After an introduction by Eric Owen Moss, Guy Nordenson explains that in his work, he tries to communicate the underlying structure, which is often invisible and therefore abstract, through a visible pattern. This often involves making visible elements and surfaces structural. He highlights existing projects that most clearly celebrate his concept of pattern of structure.
Nordenson is interested in imbuing his work with traditional structural concepts, implemented in contemporary materials. Through modern analysis and manufacturing techniques Nordenson produces designs that seem to defy gravity, or at least accomplish more function with less perceptible material. Since he is pushing the materials to their limit, a high degree of collaboration and testing is necessary to ensure a projects’s success.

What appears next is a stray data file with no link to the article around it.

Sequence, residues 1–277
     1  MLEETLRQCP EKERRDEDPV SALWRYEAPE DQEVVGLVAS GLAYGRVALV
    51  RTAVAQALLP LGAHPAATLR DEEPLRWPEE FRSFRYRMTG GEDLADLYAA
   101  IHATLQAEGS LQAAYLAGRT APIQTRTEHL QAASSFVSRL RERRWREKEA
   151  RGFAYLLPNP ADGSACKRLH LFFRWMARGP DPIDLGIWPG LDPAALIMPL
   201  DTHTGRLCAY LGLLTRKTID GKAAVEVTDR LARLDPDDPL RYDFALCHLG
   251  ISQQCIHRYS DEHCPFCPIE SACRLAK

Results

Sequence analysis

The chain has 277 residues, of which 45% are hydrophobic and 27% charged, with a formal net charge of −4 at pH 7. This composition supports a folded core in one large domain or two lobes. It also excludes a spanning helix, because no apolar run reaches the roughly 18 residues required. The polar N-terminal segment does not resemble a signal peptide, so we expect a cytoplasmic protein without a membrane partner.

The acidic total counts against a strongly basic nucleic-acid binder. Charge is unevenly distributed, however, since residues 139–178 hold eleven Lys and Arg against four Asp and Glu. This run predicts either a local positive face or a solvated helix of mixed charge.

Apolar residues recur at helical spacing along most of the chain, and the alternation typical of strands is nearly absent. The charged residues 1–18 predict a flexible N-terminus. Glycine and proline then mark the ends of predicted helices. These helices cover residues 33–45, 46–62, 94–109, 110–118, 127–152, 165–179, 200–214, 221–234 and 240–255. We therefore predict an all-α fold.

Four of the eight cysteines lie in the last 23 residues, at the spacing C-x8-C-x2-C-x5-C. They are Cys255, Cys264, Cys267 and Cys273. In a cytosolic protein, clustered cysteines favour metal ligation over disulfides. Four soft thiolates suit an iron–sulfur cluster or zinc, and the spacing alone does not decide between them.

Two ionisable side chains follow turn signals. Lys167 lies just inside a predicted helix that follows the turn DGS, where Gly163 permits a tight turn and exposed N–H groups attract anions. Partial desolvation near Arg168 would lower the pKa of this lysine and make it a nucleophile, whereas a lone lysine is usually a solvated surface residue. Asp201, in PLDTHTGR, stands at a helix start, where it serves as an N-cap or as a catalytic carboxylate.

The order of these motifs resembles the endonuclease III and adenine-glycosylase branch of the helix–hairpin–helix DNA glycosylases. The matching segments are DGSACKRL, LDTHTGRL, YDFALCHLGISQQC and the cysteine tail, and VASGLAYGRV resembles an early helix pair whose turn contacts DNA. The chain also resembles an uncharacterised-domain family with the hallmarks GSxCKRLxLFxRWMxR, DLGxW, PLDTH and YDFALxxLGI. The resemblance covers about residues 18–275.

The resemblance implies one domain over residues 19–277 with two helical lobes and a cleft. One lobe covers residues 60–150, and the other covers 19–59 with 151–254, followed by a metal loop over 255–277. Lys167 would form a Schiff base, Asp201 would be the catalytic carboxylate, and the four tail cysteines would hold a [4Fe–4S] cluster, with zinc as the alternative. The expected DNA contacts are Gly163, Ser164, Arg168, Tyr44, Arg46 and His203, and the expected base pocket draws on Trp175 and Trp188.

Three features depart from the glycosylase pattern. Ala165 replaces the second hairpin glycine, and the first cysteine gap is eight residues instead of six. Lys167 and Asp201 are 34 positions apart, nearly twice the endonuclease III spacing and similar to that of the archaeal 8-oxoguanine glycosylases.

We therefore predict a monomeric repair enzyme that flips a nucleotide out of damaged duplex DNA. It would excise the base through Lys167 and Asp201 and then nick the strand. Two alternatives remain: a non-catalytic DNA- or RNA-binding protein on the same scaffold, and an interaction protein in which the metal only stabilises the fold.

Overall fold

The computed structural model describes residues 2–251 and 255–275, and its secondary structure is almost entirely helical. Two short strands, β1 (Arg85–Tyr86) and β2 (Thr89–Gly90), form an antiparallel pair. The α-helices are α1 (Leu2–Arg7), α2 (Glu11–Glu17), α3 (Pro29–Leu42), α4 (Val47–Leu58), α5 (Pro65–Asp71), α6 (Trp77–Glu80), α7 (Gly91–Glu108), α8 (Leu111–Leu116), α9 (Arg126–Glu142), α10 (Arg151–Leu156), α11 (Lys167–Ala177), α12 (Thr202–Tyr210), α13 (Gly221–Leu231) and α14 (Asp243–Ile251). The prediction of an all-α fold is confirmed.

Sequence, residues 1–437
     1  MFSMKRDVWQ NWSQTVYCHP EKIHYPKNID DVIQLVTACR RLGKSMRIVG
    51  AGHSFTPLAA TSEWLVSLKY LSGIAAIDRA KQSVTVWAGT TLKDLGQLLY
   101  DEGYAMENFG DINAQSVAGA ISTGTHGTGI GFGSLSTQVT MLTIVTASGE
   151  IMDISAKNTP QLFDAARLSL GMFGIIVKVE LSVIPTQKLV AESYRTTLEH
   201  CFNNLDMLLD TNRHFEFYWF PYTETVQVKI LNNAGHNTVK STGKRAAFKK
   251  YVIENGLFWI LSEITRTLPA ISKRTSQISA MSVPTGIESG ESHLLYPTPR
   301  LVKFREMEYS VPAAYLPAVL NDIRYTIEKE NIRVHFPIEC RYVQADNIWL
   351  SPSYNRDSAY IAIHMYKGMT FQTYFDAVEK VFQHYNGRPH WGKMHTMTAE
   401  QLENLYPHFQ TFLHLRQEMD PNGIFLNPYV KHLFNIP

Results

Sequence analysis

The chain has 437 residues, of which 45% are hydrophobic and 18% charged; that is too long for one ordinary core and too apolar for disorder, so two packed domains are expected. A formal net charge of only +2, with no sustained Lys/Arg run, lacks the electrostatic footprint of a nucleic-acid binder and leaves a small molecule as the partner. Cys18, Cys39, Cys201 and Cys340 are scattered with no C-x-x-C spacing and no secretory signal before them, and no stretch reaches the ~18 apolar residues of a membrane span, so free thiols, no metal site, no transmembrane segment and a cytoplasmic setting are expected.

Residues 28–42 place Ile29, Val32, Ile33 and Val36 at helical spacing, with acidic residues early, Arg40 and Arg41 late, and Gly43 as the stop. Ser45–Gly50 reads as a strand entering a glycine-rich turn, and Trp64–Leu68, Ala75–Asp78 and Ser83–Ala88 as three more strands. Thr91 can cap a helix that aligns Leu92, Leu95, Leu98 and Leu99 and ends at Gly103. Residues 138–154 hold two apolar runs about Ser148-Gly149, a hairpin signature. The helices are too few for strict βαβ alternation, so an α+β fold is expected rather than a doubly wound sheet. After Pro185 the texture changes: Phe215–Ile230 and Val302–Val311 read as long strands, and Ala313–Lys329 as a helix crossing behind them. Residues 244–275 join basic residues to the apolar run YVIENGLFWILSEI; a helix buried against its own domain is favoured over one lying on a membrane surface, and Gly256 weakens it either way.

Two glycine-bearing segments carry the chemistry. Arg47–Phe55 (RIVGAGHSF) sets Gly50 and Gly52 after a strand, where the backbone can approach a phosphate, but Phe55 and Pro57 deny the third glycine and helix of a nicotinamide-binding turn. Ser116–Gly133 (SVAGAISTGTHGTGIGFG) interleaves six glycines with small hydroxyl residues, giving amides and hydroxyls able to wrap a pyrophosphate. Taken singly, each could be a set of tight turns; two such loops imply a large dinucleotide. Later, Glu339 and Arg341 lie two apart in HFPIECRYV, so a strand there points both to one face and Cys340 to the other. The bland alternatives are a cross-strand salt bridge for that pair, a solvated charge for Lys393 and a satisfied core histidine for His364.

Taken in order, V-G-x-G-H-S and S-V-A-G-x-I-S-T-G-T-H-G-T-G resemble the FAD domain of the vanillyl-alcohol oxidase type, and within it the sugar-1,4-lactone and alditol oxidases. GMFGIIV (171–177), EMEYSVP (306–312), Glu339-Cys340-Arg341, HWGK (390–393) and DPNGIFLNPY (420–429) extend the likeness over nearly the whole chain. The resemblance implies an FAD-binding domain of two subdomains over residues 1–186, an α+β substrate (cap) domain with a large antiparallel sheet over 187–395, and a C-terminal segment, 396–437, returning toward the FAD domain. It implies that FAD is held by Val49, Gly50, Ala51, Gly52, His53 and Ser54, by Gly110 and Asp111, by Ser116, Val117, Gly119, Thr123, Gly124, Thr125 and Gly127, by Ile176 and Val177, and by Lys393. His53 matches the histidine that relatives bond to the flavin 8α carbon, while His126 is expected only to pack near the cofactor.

Nordenson outlines three projects that he has worked on: the Jubilee Church near Rome by Richard Meier, the Simmons Hall Residence at MIT, and the parking garage at the Nelson-Atkins Museum by Steven Holl. The Jubilee Church employs precast concrete shells to achieve an uplifting interior space that appears to defy gravity. In the MIT dorm building, the color scheme of the facade is influenced by the analysis results, which is an example of the stress state being legible through a surface pattern.
Nordenson describes two projects for Manhattan, one for the World Trade Center site and the other a communication tower. Both projects are more an exploration of possibilities, than a resolution of the project. For the WTC site, he proposes a torquing building that could allude to the original towers, but at the same time integrate some novel element. The communication tower is an attempt to propose a realistic, and necessary structure that would also be iconic